All About Jazz

Home » Articles » Live Reviews

Dear All About Jazz Readers,

If you're familiar with All About Jazz, you know that we've dedicated over two decades to supporting jazz as an art form, and more importantly, the creative musicians who make it. Our enduring commitment has made All About Jazz one of the most culturally important websites of its kind in the world reaching hundreds of thousands of readers every month. However, to expand our offerings and develop new means to foster jazz discovery we need your help.

You can become a sustaining member for a modest $20 and in return, we'll immediately hide those pesky Google ads PLUS deliver exclusive content and provide access to future articles for a full year! This combination will not only improve your AAJ experience, it will allow us to continue to rigorously build on the great work we first started in 1995. Read on to view our project ideas...

333

Miles Electric Band: Bitches Brew To Tutu At SFJAZZ

Walter Atkins By

Sign in to view read count
We play our renditions of his [Miles Davis] music. We want to do it justice. —Vince Wilburn Jr.
Miles Electric Band
SFJAZZ Center
Bitches Brew To Tutu
San Francisco, CA
June 11, 2016

As part of the expansive 34th Annual San Francisco Jazz Festival, the cordial staff at SFJAZZ presented the outstanding Miles Electric Band in the spacious Miner Auditorium. Vincent Wilburn Jr., drummer and nephew of the acclaimed Miles Davis, lead the Miles Electric band in celebration of the music and spirit of "The Chief."

The capacity crowd was treated to fresh interpretations of Davis jazz-rock classics spanning his Bitches Brew to Tutu period. According to Wilburn, "We play our renditions of his music. We want to do it justice." Robert Irving III concurred. The keyboardist added, "Miles would say don't play a note unless you mean it. Everyone was conscious of serving the integrity of the music. We did that tonight."

Some members of the MEB worked with Davis during this prolific time in his long career. The evening's stellar lineup consisted of Sean Jones, Antoine Roney, Robert Irving III, Greg Spero, Blackbyrd McKnight, Darryl Jones, Vincent Wilburn, Jr., Debasish Chaudhuri, Abbos Kosimov, Munyungo Jackson and Jeremy Ellis. The opening video included Davis' commentary on his work and featured Chaudhuri's tabla work. The MEB launched into 1971's "Jack Johnson" reimagined in their unique funky style. McKnight's guitar work had an expressive feel especially during his fluid solos. Other songs presented were "Sanctuary," "Nefertiti" "Decoy," "Pharaoh's Dance," and "It Gets Better."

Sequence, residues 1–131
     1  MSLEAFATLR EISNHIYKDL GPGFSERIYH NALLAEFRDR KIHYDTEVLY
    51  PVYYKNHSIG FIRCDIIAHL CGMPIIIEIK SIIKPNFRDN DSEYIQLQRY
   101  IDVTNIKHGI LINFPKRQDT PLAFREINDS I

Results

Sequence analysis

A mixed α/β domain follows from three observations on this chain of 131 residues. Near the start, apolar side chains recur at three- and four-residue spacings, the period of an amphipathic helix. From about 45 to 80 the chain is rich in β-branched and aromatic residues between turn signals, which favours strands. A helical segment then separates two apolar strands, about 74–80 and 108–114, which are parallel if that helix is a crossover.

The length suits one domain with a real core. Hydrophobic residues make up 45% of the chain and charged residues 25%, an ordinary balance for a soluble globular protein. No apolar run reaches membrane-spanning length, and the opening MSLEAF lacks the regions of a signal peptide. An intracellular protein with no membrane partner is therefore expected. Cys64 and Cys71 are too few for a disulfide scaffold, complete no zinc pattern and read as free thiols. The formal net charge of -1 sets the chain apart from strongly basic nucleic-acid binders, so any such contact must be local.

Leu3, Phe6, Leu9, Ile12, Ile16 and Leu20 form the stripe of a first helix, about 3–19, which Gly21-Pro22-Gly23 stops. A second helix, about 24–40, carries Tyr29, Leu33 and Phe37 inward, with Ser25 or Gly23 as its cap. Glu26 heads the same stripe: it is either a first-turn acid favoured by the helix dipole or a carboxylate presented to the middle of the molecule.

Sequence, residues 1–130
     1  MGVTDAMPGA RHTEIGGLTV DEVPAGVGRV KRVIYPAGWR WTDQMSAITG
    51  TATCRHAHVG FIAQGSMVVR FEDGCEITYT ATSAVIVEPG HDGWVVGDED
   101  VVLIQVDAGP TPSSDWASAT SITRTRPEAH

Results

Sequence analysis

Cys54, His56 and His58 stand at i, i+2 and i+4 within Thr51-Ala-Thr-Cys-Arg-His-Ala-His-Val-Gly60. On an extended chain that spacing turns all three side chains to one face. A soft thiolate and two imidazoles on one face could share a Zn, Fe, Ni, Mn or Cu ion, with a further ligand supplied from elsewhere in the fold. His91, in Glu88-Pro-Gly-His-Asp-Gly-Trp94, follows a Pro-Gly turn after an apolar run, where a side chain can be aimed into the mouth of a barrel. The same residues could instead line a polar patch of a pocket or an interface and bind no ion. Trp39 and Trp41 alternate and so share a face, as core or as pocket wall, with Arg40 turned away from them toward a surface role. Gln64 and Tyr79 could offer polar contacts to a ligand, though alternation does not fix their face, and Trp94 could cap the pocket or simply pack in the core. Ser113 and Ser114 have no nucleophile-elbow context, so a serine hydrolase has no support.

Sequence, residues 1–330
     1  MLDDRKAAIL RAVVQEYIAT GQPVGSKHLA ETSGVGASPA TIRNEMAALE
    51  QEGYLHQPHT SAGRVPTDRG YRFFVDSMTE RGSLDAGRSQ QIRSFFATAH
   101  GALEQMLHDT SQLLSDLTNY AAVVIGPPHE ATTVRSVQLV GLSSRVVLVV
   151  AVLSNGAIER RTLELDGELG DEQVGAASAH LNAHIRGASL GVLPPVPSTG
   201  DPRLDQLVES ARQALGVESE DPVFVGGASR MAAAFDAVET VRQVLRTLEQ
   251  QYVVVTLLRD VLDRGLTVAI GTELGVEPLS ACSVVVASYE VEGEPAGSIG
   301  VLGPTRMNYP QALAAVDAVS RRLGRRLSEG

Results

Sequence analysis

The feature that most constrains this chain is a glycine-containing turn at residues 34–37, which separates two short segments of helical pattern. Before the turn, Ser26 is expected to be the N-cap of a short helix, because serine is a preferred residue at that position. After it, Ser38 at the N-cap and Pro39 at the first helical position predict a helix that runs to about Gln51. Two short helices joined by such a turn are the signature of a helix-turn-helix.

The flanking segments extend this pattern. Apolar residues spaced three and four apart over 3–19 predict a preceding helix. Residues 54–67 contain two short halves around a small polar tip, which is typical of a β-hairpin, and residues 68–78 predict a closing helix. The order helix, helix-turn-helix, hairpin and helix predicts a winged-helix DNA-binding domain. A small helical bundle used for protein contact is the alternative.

The opening song brought the house into the music and set the direction for the night. Everyone on the bandstand was given ample room to explore and soar during the session. Trumpeter Jones played with clarity and power while saxophonist Roney distinguished himself particularly on the bass clarinet. Keyboardist Irving who was Davis' musical director played with poise and provided timely contributions.

The MEB's formidable percussion section provided a rock solid foundation of surging polyrhythms for the band members to explore collectively and individually. Percussionist Jackson and keyboardist Spero were highlighted "In A Silent Way."

One of the many magical moments featured Jackson, Chaudhuri and Kosimov in an extended triangle of percussion and showmanship culminating with Chaudhuri skillfully playing three tablas at once. This display garnered one of the many buoyant ovations heard during the show. Wilburn and company closed with "Jean Pierre" with bassist Jones (Rolling Stones, Eric Clapton) thoroughly enjoying the opportunity to stretch out. It was an exceptional evening of music that seemed to end too soon.

Audience response was overwhelming and heartfelt. During one song, a supporter sitting behind me yelled, "That's what I'm talking about!" Another fan and voice student commented she "was rather star struck, because I never anticipated being in the same room with so much talent!"

The Miles Electric Band brought their own singular interpretations to the music and philosophy of Miles Davis. In doing so, MEB contributed to extending the timeless legacy of the Chief.

Photo credit: Walter Atkins

Tags

comments powered by Disqus

Related Articles

Read The Magpie Salute At The Grand Point North Festival 2018 Live Reviews
The Magpie Salute At The Grand Point North Festival 2018
by Doug Collette
Published: September 23, 2018
Read Chris Isaak at The Paramount in Huntington, NY Live Reviews
Chris Isaak at The Paramount in Huntington, NY
by Christine Connallon
Published: September 23, 2018
Read Detroit Jazz Festival 2018 Live Reviews
Detroit Jazz Festival 2018
by C. Andrew Hovan
Published: September 19, 2018
Read Beethoven, Barber and Vivaldi at The Jazz Corner Live Reviews
Beethoven, Barber and Vivaldi at The Jazz Corner
by Martin McFie
Published: September 18, 2018
Read Bryan Ferry at the Macedonian Philharmonic Hall, Macedonia 2018 Live Reviews
Bryan Ferry at the Macedonian Philharmonic Hall, Macedonia...
by Nenad Georgievski
Published: September 16, 2018
Read Live From Birmingham: Dinosaur, Meatraffle, Hollywood Vampires, Black Asteroids & Paul Lamb Live Reviews
Live From Birmingham: Dinosaur, Meatraffle, Hollywood...
by Martin Longley
Published: September 16, 2018
Read "Live From Birmingham: Dinosaur, Meatraffle, Hollywood Vampires, Black Asteroids & Paul Lamb" Live Reviews Live From Birmingham: Dinosaur, Meatraffle, Hollywood...
by Martin Longley
Published: September 16, 2018
Read "36th International Tampere Jazz Happening" Live Reviews 36th International Tampere Jazz Happening
by John Ephland
Published: December 4, 2017